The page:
had always been looked up to as the oldest child in the family.
a role model to two younger brothers who respected him dearly. Thus he was
always pushed to be his best and obey the wishes of his parents. He lived in a
large country house in the small town of Settington. Settington was what most
small English towns were, absolutely dull. His mother, Darcy what what would be
expected of a resident mother of a small English town, absolutely boring as
well, as were his father and two brothers. Billy was 18 already, he had a job at
the local butchery, slicing meat on hot summer days was not necessarily so
boring, but somewhat grueling and an unpleasurable task. He and his brothers
(one seven and the other eight years younger than he) did their best to
entertain themselves during the muggy summer weeks. Catching frogs at the pond,
picnics, bicycles, football, and a whole dizzying number of games that eight
year olds could think of. Life was stuffy, boring, and the only world they knew
was their small town.
Then came the news of war, a topic which truly made Billy nervous. He would
have to enlist, or eventually be drafted to go to France. But what a change it
would be, what an adventure, the occurrence of a lifetime, not everyone gets to
see such history in the making from so close! Billy could hear his own father
repeating these words. An opportunity,an adventure, an honor. His little
brothers were at first unsure, but with the confidence of their father they
became thrilled at the idea. Then the posters began to appear.
"Go! It's your duty ,Lad!"
"Make Mum proud!"
"Remember the Lusitania"
"Could we be next? Fight in France!"
They throbbed like bad songs in his head, the newspapers and journals, with
their ballads and poems of glorious death and knightly valiance. His father
wouldn't leave him in peace either. Every moment that they were both alone in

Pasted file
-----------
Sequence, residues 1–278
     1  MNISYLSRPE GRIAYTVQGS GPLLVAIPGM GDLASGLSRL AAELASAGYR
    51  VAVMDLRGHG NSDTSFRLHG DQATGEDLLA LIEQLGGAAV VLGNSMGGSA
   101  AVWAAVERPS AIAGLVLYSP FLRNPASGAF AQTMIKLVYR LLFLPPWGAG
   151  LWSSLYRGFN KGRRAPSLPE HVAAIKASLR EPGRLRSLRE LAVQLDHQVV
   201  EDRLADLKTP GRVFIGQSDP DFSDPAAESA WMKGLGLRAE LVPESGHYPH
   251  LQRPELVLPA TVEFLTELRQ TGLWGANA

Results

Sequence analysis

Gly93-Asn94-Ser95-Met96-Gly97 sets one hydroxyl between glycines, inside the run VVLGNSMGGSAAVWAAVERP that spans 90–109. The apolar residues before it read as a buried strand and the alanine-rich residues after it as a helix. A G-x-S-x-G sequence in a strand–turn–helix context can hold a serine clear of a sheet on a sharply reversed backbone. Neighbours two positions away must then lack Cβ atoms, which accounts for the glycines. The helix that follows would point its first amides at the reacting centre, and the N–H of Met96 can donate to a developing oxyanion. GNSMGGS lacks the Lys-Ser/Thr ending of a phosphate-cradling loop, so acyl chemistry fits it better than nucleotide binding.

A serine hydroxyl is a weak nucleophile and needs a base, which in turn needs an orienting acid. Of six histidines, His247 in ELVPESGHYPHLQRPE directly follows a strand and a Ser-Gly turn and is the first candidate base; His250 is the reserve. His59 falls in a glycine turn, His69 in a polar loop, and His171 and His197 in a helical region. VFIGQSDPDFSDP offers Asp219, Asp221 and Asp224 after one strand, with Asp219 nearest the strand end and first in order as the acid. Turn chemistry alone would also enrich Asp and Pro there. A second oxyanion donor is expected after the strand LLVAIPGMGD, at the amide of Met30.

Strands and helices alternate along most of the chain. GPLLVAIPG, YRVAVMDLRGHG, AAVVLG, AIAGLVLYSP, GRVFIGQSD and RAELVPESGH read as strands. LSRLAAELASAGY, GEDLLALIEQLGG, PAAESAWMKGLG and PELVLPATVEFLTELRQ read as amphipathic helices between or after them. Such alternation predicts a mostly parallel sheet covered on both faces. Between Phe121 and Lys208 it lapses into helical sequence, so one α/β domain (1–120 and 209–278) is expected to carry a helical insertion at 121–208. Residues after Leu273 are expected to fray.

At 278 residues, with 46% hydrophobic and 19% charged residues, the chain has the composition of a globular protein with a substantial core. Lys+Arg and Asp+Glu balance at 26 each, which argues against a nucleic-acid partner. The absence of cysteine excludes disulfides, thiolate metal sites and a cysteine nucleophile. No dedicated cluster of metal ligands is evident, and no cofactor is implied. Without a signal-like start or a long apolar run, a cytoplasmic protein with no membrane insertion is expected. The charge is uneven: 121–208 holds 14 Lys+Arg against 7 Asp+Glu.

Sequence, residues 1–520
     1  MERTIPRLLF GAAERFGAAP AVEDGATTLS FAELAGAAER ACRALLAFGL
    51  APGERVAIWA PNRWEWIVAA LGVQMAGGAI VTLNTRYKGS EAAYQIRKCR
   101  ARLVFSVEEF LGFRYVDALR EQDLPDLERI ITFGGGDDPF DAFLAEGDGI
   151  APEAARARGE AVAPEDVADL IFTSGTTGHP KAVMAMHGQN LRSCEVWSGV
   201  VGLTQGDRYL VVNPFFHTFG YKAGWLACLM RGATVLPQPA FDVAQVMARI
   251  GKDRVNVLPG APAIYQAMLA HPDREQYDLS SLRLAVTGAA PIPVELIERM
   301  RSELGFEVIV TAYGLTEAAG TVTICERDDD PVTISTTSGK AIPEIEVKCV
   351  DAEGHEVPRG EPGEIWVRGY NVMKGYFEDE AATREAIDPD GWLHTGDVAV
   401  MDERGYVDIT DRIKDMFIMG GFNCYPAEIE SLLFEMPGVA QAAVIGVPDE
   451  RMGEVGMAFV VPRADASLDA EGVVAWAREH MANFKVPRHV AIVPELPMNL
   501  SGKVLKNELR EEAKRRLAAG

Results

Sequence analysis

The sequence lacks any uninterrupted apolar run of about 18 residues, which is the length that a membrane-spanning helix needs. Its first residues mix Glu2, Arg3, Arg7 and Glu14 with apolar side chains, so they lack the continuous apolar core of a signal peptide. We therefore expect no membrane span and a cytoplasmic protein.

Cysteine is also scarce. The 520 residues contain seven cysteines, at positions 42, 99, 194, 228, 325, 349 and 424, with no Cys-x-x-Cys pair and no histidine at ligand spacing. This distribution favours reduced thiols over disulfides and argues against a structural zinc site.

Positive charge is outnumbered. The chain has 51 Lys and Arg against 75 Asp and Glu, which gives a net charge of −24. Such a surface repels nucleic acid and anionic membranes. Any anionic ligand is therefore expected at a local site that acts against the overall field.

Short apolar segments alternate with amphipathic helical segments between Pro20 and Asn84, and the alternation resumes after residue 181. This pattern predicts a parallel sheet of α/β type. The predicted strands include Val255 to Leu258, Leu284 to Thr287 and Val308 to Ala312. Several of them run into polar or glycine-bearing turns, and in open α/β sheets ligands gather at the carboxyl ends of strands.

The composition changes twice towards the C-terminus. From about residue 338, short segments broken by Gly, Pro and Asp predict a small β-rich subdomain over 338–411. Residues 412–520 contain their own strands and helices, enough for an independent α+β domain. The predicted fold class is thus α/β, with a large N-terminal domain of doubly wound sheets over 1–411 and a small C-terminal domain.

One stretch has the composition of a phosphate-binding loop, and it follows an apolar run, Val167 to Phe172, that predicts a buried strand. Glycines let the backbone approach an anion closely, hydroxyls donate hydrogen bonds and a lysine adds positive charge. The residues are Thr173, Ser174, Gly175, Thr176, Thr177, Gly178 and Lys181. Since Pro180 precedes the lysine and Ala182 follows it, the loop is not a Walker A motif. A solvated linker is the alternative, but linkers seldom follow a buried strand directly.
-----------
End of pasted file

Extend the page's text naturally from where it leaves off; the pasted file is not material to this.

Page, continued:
the, he could only talk about the honor and pride that being a soldier would be.
And one day as the other boys his age began to unravel their plans and dreams of
enlistment, they asked him if he was going to join them, he could only say
"yes". The only person who wasn't so thrilled, and maybe the only one with any
sense was his mother.
Mother, she was worried beyond belief and regretted the accursed day that he
was to leave home, their little village, and off to some far off war she cared
little about. But as he stepped on that wagon to leave his town, he looked back
and saw the old men tipping their hats, mothers crying, and young girls waving.
These visions washed away the fear that had so gripped him prior to this day. He
felt it gave him the power and bravery to look forward, and come back a hero.
The enthusiasm was absorbed by the entire group of boys.
As he went through training, every day he wished to skewer a German with his
bayonet, more and more. He had to skewer somebody! And when that awful day
approached, they marched into a dirty muddy trench, shining with colour,
contrasting the other men and landscape, after that day, the smiles were dropped
one by one off of their faces as they realized that they to would have to watch
each other die. Billy is now quite a mess, with many other of his hometown
comrades, spread in pieces all over a French field, denied a burial, denied humanity. There are no more knights in France